Syed Muhammad Naguib Altas and Islamization of Knowledge

Topics: Human rights, Universal Declaration of Human Rights, Sharia Pages: 5 (1340 words) Published: August 28, 2013
ISLAMIC RIGHTS AND HUMAN RIGHTS: CONSIDERATIONS ABOUT THE PROBLEMATICAL CONCEPT OF RELIGIOUS FREEDOM MOHAMMAD PEZESHKI

ISLAMIC RIGHTS AND HUMAN RIGHTS: CONSIDERATIONS ABOUT THE PROBLEMATICAL CONCEPT OF RELIGIOUS FREEDOM Mohammad Pezeshki Institute for Science and Political Thought pezeshki.mohammad@gmail.com

Abstract: To achieve a common consensus on the Universal Declaration of Human Rights, it is important to see how Muslims understand religious freedom. Such a common consensus will result in protecting human dignity and avoiding international conflicts. Keywords: religious freedom, Muslims, human rights.

Everyone has the right to freedom of thought, conscience and religion; this right includes freedom to change his religion or belief, and freedom, either alone or in community with others and in public or private, to manifest his religion or belief in teaching, practice, worship and observance. (Universal Declaration of Human Rights, Article 18).

Introduction: Why did Muslims declared the concept of Islamic religious freedom instead of accepting the Universal Declaration of Human Rights (henceforth UDHR)? How do Muslims understand Article 18 of the declaration? This essay claims that there are civilizational differences between the Islamic view and contemporary view on human rights. Thus, UDHR is not much universal. To answer these questions and explain the thesis of this essay, it is necessary to overview the background of the discussion. Background of the discussion Article 18 of the UDHR, when being discussed in Third Preliminary Committee, was considered by the representative Em Debate, Belo Horizonte, v.3, n.2, p.16-19, mai. 2011.

ISLAMIC RIGHTS AND HUMAN RIGHTS: CONSIDERATIONS ABOUT THE PROBLEMATICAL CONCEPT OF RELIGIOUS FREEDOM MOHAMMAD PEZESHKI

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of Saudi Arabia as a cultural invasion to the Islamic states (Glen, 1998, 76). Previously, this civilizational difference between the Islamic and the Western views was mentioned by the Representative of Saudi Arabia, who said this committee should show the superiority of a civilization over others in the content of the article and determine the same norms for all countries. In fact, the disagreements expressed by Saudi Arabia government included both freedom to manifest religion and freedom to change religion. Finally, an abstention was given to the UNDR by this country on December 10th, 1948. Saudi Arabia was not alone in its position. The same viewpoints had been proposed by other Islamic and non-Islamic states, before the UDHR was voted for by most of them. The challenges over the article are of a more religious and philosophical nature than legal. That the religious freedom as stated in UDHR is not so universal has been emphasized by article 10 of the Islamic Declarations of Human Rights or Cairo Declaration (henceforth IDHR) passed on August 5, 1990. According to Article 10 of the Illinois Department of Human Rights (IDHR), Islam is the religion of true unspoiled nature. It is prohibited to exercise any form of pressure on man or to exploit his poverty or ignorance in order to force him to change his religion to another religion or to atheism. Therefore, freedom to manifest of religion and freedom to change religion as stated in article 18 of the UDHR have been disagreed by Islamic governments. But why the wider concept of article 18 was replaced by a tighter one as expressed article 10 of the IDHR? Islamic view of religious freedom According to Moon (2004), there are generally five points of disagreement concerning religious freedom between the IDHR and UDHR. First, religion and religious freedom have a philosophically different meaning in Article 18 of UDHR and Article 10 of IDHR. As Moon correctly asserted, freedom of conscience or Religion as expressed in Article 18 should be extracted from extra-value religion systems (p. 586); while the religious freedom in Article 10 is considered as a gift given by God. Therefore, there is an...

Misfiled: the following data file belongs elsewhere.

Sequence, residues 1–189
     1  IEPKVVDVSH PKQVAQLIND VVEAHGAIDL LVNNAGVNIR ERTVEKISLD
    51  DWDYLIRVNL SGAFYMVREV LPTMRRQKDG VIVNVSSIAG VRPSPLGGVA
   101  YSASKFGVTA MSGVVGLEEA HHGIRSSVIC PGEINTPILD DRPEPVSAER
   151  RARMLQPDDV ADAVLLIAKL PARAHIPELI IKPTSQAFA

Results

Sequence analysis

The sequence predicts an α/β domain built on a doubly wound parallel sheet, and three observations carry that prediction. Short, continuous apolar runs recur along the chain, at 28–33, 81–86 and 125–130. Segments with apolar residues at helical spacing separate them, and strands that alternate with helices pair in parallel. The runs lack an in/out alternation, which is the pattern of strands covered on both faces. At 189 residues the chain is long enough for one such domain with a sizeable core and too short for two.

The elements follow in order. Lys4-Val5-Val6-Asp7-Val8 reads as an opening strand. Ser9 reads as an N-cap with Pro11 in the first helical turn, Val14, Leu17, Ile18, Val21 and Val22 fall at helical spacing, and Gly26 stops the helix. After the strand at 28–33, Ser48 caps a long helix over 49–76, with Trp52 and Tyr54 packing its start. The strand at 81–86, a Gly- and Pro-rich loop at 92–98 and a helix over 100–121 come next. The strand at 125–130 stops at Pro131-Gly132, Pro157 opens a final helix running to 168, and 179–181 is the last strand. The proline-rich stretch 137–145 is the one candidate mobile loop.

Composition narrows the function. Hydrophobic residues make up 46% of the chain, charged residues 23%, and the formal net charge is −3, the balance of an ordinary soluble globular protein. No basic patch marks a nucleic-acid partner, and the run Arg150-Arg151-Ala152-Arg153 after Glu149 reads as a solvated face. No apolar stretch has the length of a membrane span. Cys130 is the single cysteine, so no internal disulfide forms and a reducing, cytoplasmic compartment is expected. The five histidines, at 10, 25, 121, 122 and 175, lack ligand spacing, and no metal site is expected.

Bibliography: GLEN, Johnson (1998). Universal Declaration of Human Rights. Translated to Persian by MOHAMMAD Jafar Pouyandeh. Tehran: Nay Publications. International Religious Liberty Association (2011). Universal Declaration of Human Rights. Retrieved from: http://irla.org/index.php Accessed on February 27th MOON, Richard (2004). From Liberty to Equal Respect: Religious Freedom under the Canadian Charter of Rights and Freedom. in M. Habibi et al. (eds.), Theoretical Foundations of Human Rights (pp. 581-593), Mofid University Publications. University of Minnesota (2011). Cairo Declaration on Human Rights in Islam. Human rights library of Minnesota University, Retrieved from: Accessed on February 28th
Em Debate, Belo Horizonte, v.3, n.2, p.16-19, mai. 2011.
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